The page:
They created a roadmap to bring in a new UI that would change their brand persona and give it a modern twist. They clearly highlighted their prime values and stick to them throughout the website as well. While this doesn’t tell a story, it does change the way the story of Cloudways is told.
Also, they launched a Startup Program that specifically focuses on helping budding companies grow. Note how their copy speaks directly to all entrepreneurs and also talks about their story.
2. Spotify — Data That Tells a Story
Spotify’s storytelling game is on-point. And they aced it way back in 2017 with their Wrapped campaign.
To wrap up the year, the music-streaming platform collated data they had collected from their listeners during the year. They drew interesting stats from the data, “wrapped up” the cold data with a warm human touch, and presented it in a fun way on billboards.
Needless to say, they earned a special place in every music lover’s heart.
Use your proprietary customer data and weave a narrative around it. This way, you can show your customers that you value them.
3. Huggies — Using Experts to Back Up Your Word
Huggies, the diaper brand, was desperate to move beyond double-leak protection. So, they found a medical insight that was as snug as a hug. Yes, it’s all in the hugs.
Huggies dug into 600 medical studies to prove that hugs have a calming effect on babies. So, they partnered with Oglivy on a mission to leave no baby unhugged, an initiative which is now their patent.
The brand created Hugging grants to help premature babies who are away from their parents due to medical reasons.
The brand got a brand-new image fortified by expert medical authority. They became the go-to diaper destination for parents globally. They were able to change the third-trimester purchase behavior of expecting mothers in Canada where the drive was started, and drive sales up by 30%.
4. Mailchimp — Have Fun with Your Brand
Back in 2001 when Mailchimp was born, the corporate world was dull and drab. Mailchimp took a calculated risk and came up with their quirky mascot, Freddie, the Mailchimp monkey.
An email marketing platform with a primate in its logo was interesting, to say the least. And they kept monkeying around in their brand communications as well. Check out one of the witty business emails they sent to announce their Forever Free plan:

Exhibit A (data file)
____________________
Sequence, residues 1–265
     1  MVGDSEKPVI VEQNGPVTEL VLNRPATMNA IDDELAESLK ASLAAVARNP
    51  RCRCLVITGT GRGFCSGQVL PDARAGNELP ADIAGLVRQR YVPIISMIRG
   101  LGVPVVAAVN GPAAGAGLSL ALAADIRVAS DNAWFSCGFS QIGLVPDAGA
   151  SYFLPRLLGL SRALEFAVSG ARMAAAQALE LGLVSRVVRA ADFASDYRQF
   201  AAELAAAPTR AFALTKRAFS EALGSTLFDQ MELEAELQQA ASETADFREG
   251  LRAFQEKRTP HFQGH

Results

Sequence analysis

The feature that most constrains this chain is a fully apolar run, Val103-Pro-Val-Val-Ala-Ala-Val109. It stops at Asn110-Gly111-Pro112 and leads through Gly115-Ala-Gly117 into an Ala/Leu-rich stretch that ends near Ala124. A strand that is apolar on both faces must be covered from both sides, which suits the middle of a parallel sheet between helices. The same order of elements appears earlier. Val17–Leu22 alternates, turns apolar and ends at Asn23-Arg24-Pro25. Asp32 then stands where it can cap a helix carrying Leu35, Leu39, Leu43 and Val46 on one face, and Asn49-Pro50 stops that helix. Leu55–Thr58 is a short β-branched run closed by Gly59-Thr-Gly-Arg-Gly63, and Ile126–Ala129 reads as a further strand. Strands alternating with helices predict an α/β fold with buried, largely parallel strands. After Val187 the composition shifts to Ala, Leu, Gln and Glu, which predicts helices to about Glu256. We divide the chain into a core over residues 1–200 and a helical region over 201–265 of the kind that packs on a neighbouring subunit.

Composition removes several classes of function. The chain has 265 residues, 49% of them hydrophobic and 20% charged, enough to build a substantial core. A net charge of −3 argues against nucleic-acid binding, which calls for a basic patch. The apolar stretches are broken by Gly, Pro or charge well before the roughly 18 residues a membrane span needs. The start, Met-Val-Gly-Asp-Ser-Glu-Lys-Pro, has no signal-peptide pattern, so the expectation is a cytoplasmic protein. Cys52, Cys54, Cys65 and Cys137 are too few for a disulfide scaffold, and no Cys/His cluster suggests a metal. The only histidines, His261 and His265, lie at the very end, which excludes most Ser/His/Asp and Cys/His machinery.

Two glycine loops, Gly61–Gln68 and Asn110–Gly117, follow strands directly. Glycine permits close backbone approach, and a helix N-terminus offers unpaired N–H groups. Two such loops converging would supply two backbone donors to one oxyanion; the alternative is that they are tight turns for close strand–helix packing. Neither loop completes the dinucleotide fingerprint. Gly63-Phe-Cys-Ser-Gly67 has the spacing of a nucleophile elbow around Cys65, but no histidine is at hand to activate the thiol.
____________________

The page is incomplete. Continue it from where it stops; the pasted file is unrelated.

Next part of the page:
19 years hence, Mailchimp continues to tickle my funny bone with their distinctive tone and branding.
What can you learn from Mailchimp?
Stay away from the trodden path. Dare to be different in your storytelling. Only then will your stories be memorable.
5. DECIEM — Be Honest and Straightforward
The “abnormal” skincare brand was founded with a mission grounded in honesty and integrity, almost alien to the beauty and fashion industry. With lines like “beauty is between you and you,” DECIEM stands apart from the crowd.
Even on social media, where hype and hyper-real is the trend, the brand stays true to their values. To engage their followers, they post heartfelt stories (like the one below).
DECIEM takes their job very seriously. They write technically-sound posts to inform consumers about how to use their beauty products the right way. They don’t shy away from sharing any potential side effects as well.
They don’t pass up any opportunity to communicate with their customers honestly. For instance, they took to social media to personally announce when Estee Lauder acquired a share in their company.
When their eccentric founder, Brandon Truaxe, was found dead at age 40, they issued a lengthy public statement to fend away rumors. By being transparent in their communication, DECIEM has earned a loyal fanbase and respect in the industry.
Which Storytelling Technique Will You Apply?
As is evident, stories are an important part of brand communication. But there is no one-size-fits-all approach to brand storytelling. Whatever technique you choose, be sure to use it consistently across channels. Don’t forget that the world is more connected and customers more discerning than ever before.
Which storytelling technique aligns your brand? Share your answers in the comments below. Maybe I can provide you with additional tips and examples.
Article originally published to Medium
Written by Shane Barker